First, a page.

Seven years after the start of the financial crisis and the biggest U.S. banks are bigger than ever (and growing).
Stephanie Fontana is former Research Intern at Oxfam America.
I’ve been learning a lot about the U.S. financial sector recently and was surprised to realize that the five largest U.S. banks – JP Morgan Chase Bank, Bank of America, Citibank, Wells Fargo Bank, and US Bank – control nearly half of all assets in the U.S. banking sector. For those who have been working in this field for some time, this news may not be surprising. But what is perhaps most distressing is that this trend was not stopped – or even really slowed – by the financial crisis, and the five biggest banks continue to grab hold of a larger and larger share of total banking assets over time.
The U.S. banking sector is enormous, holding $15.8 trillion in assets – 26 percent of the total for U.S. multinational enterprises across all industries. A small number of massive banks dominate this powerful industry with the five largest banks collectively holding $6.9 trillion in assets – 44 percent of total U.S. bank assets as of the end of September.
Since 1992, the total assets held by the five largest U.S. banks has increased by nearly fifteen times! Back then, the five largest banks held just 10 percent of the banking industry total. Today, JP Morgan alone holds over 12 percent of the industry total, a greater share than the five biggest banks put together in 1992.
Even in the midst of the global financial crisis, the largest U.S. banks managed to increase their hold on total bank industry assets. The assets held by the five largest banks in 2007 – $4.6 trillion – increased by more than 150 percent over the past 8 years. These five banks went from holding 35 percent of industry assets in 2007 to 44 percent today.
As these big banks accumulate more and more money, the vast majority of Americans have been stuck with the same median wage since 1999. Citing the 2014 wage report by the Social Security Administration (SSA), David Cay Johnston points out that pre-tax incomes for 90 percent of taxpayers were the same in real terms in 2013 as they were in 1966. So, as economic conditions remain stagnant for most Americans, the largest U.S. banks continue to hold an ever increasing amount of assets.
These trends are troubling in the context of rapidly rising economic inequality. Worldwide, the top 1% of people own more wealth than everyone else combined. Inequality is staggering within the U.S. as well. According to a report released last month by the Institute for Policy Studies, the richest 20 Americans own more wealth than the bottom half of Americans. For the top 20, this wealth averages to $36 billion per person, but for the bottom half, it is just $4,575 each. The authors of the IPS report think that these numbers are even underestimating the levels of inequality as more and more wealthy individuals and institutions hide their assets using offshore tax havens and legal trusts.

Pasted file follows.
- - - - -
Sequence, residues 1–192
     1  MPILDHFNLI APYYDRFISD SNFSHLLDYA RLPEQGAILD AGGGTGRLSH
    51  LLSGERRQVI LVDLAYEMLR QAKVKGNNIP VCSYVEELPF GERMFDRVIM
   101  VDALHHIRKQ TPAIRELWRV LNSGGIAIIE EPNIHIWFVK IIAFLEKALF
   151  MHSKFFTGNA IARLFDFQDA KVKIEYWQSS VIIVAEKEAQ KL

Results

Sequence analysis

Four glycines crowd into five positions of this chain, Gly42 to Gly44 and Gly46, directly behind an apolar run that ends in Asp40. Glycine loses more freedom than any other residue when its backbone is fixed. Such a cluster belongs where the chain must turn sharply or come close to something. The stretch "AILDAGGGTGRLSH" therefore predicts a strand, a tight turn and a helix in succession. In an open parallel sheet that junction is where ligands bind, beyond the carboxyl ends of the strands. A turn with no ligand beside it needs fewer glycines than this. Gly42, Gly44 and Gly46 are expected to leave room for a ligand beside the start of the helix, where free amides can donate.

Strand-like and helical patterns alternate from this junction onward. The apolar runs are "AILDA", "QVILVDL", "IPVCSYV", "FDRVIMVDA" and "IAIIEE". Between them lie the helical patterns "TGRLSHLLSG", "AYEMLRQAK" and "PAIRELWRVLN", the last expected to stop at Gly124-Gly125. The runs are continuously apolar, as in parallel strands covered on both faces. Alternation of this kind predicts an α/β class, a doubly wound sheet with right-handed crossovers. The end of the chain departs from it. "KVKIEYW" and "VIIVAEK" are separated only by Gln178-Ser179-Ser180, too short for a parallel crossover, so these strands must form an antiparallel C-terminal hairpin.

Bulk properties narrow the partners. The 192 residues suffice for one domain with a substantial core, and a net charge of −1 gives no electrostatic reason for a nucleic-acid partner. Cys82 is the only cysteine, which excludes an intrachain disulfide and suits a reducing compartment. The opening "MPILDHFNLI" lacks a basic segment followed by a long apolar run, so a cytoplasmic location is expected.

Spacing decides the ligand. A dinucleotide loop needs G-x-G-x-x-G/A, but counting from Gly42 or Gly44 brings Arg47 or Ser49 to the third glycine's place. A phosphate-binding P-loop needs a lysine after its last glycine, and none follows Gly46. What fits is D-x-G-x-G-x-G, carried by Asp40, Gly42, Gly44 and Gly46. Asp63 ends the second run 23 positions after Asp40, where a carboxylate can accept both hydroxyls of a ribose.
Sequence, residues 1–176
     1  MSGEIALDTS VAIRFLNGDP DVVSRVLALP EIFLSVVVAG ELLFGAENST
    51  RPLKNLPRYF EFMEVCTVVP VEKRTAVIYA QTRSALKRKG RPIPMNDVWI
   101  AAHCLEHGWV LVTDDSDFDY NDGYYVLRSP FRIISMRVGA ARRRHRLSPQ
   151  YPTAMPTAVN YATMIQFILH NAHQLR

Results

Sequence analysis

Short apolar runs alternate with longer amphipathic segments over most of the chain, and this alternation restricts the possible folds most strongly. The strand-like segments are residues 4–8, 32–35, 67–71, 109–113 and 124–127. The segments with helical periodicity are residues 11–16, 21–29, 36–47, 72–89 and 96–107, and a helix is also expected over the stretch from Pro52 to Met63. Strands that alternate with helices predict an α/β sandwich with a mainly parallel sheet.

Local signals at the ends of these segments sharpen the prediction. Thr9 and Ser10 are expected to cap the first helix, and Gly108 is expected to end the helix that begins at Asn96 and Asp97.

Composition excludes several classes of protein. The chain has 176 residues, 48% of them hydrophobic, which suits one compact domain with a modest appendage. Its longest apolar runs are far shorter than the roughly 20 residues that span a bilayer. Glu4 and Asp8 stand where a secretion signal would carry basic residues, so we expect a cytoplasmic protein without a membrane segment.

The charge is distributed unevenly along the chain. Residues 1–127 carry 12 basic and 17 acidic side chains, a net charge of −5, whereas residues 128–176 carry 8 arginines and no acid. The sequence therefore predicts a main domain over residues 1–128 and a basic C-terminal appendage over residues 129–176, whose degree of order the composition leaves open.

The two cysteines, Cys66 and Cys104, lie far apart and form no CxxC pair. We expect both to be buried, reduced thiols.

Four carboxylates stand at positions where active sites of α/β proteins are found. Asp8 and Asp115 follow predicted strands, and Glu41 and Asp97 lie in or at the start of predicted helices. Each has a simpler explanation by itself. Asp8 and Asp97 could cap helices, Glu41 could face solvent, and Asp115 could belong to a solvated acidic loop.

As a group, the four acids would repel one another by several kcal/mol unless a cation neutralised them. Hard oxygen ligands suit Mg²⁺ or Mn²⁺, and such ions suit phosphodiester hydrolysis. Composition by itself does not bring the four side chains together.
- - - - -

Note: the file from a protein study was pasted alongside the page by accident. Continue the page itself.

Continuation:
As resources become highly concentrated in the hands of fewer and fewer individuals and institutions, the imbalance threatens economic, political, and social inclusion. These massive banks use their wealth to wield significant political and economic power in the U.S., in the countries where they operate, and in the international arena.
For example, bank lobbyists worked hard to dilute the strength and prevent the successful implementation of the 2010 Dodd-Frank Wall Street Reform and Consumer Protection Act, one of the most significant financial regulatory reforms since the Great Depression. In explaining “How Wall Street Defanged Dodd Frank,” Gary Rivlin found that in 2012 the five main consumer protection groups had 20 lobbyists supporting financial reform while the five main finance industry groups sent over 400 lobbyists to Capitol Hill to delay, dilute, and dismantle the reforms. With the financial industry spending more than $1 billion to prevent reform, only about 40 percent of Dodd-Frank’s 400 or so provisions were finalized a full three years after its adoption.
Big bank lobbying efforts have also contributed to the sharp rise in the concentration of banking assets – a rise which stems from regulatory changes favoring the financial sector in the 1980s. Large banks exerted their political power to push for less regulation of the financial sector, and this period saw the removal of regulations preventing banking activity across state lines and requiring the separation of deposit-taking, insurance, and investment banking in different legal entities, among many others. The changes led to unprecedented consolidation of the financial sector with single institutions operating across the industry to provide household and commercial banking, insurance, and investment services. Over this period of deregulation, the Federal Deposit Insurance Corporation (FDIC) data show that the number of commercial banks and savings institutions in the U.S. dropped by 64 percent from 17,901 in 1984 to 6,509 in 2014. At the same time, the value of industry assets increased by over 400 percent.
This trend is rapid and troubling. As financial reform advocates continue to fight for greater consumer protections and reversal of this trend, more voices are needed. Add yours.